Celebrate 25 Brilliant Women Running The Rap Game Then And Now

These lyricists boldly went where no ladies had gone before and busted the doors down for other to follow.

 Ladies first – always! 

Women are and have been the gold standard and blueprint when it comes to hip-hop. Since the very beginning, women have proved that rap is not just a boy’s club. Out-rapping and performing their male counterparts, female MCs have done it all.

In the beginning over 35 years ago, women such as Salt-n-Pepa, Queen Latifah and MC Lyte, laid the foundation for women to speak up and speak out. Lil Kim and Foxy Brown presented the gift of rapping about sex, high fashion and living a life of luxury. Today, Nicki Minaj, Cardi B and Meghan the Stallion are taking over multiple charts – continuing the mission of bringing Female MCs to the forefront of music. 

RELATED: Hip Hop Awards ‘20: 9 Times Women Made History

Celebrating Women’s History Month, takes a look through the decades at 25 of the most impactful women rappers of our time.

The '80s


The '90s


The 2000's And Beyond

  • Roxanne Shanté

    (Photo by Steven Ferdman/Getty Images)
    (Photo by Steven Ferdman/Getty Images)

    Roxanne Shanté - You couldn’t tell this teenage MC a single thing! In 1984, after out rapping men twice her age in her Queen, N.Y. neighborhood, Roxanne was tapped by then-producer Marley Marl to record the freestyle, “Roxanne’s Revenge.” “Everybody wanted to be Roxanne,” she told NPR about the ripple effect the six-minute track caused in the early days of hip-hop. Roxanne set the blueprint for women in rap, proving that it’s not just a boy’s game.

  • MC Lyte

    (Photo by Leon Bennett/WireImage)
    (Photo by Leon Bennett/WireImage)

    The first in many ways! “Lyte as a Rock” (1988) was the first full-length album released by a solo female rapper. MC Lyte went on to release eight albums and became the first solo female rapper to be nominated for a Grammy for her single “Ruffneck” in 1993. She became a model for many women in hip-hop as her career spanned outside of music into television, film and most notably, her work as the Mistress of Ceremony at various award shows including the BET Awards, GRAMMYs and more.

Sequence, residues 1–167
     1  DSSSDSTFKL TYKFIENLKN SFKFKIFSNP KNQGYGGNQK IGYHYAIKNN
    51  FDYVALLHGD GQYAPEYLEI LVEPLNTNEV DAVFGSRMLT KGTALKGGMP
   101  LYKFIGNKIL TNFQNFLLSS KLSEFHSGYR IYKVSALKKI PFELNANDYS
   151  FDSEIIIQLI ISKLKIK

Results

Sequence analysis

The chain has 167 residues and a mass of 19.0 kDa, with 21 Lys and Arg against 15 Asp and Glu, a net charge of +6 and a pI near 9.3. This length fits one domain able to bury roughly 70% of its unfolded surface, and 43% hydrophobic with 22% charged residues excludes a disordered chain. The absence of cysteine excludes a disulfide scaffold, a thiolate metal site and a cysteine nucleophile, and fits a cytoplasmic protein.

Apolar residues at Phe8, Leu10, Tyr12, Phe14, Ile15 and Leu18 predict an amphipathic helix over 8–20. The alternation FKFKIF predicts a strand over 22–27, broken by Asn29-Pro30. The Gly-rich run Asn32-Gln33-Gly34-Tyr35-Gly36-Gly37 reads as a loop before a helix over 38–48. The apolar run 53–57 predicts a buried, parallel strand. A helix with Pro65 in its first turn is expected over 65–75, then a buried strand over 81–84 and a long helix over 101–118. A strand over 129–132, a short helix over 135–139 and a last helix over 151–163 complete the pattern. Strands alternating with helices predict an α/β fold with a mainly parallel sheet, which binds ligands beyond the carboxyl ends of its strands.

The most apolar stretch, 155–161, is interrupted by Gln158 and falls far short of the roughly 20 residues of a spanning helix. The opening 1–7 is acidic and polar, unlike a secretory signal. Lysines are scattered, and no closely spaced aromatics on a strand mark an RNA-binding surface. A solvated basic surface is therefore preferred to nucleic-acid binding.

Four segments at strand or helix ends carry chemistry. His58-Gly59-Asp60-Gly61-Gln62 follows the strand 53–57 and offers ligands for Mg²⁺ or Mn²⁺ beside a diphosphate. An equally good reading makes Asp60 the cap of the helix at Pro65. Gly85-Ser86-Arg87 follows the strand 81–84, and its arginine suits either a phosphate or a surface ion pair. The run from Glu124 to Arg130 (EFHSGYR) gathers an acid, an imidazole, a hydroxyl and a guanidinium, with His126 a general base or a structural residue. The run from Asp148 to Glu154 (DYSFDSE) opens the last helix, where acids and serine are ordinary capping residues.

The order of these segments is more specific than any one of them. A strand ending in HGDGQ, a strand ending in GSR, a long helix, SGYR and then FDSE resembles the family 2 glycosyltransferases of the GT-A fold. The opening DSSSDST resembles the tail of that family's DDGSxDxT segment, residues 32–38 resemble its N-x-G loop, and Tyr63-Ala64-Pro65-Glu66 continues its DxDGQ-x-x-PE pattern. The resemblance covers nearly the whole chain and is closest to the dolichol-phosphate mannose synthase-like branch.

• Salt-N-Pepa

    (Photo by Alberto E. Rodriguez/Getty Images for dick clark productions)
    (Photo by Alberto E. Rodriguez/Getty Images for dick clark productions)

    Let’s talk about Cheryl James (Salt), Sandra Denton (Pepa) and Deidra Roper (DJ Spinderella). One of the most decorated and celebrated rap groups of all time. Salt-N-Pepa changed the rules of the rap game as they freely expressed and dressed themselves as they pleased. Their decades-long run saw them becoming the first female hip-hop act to reach platinum status with “Push It” and make history as the first female hip-hop group to win a Grammy award for their hit, “None of Your Business”. 

  • Queen Latifah

    (Photo by Micheal Greenberg/CBS via Getty Images)
    (Photo by Micheal Greenberg/CBS via Getty Images)

    All Hail the Queen! The royal MC who built her career speaking out against sexism, violence is also responsible for bringing us “U.N.I.T.Y.” and putting “Ladies First”. Queen Latifah remained a maverick in hip-hop throughout her career that saw her win a Grammy award for Solo Rap performance in 1995. Leading by example, Queen proved that she was more than bars as she found success with her multi-faceted singing and acting careers.

  • Monie Love

    (Photo by Bennett Raglin/Getty Images for Essence)
    (Photo by Bennett Raglin/Getty Images for Essence)

    Bringing a new sound and swag from across the pond, Monie Love entered the world of hip-hop and paid homage (and raped with) the women who came before her. Monie found success with her debut single “Monie in the Middle” (a song about the lady making choices for herself when it comes to relationships) and alongside Queen Latifah on her single “Ladies First”. Monie has been praised for influencing the likes of Nicki Minaj, Da Brat and the late Lisa “Left Eye” Lopez.

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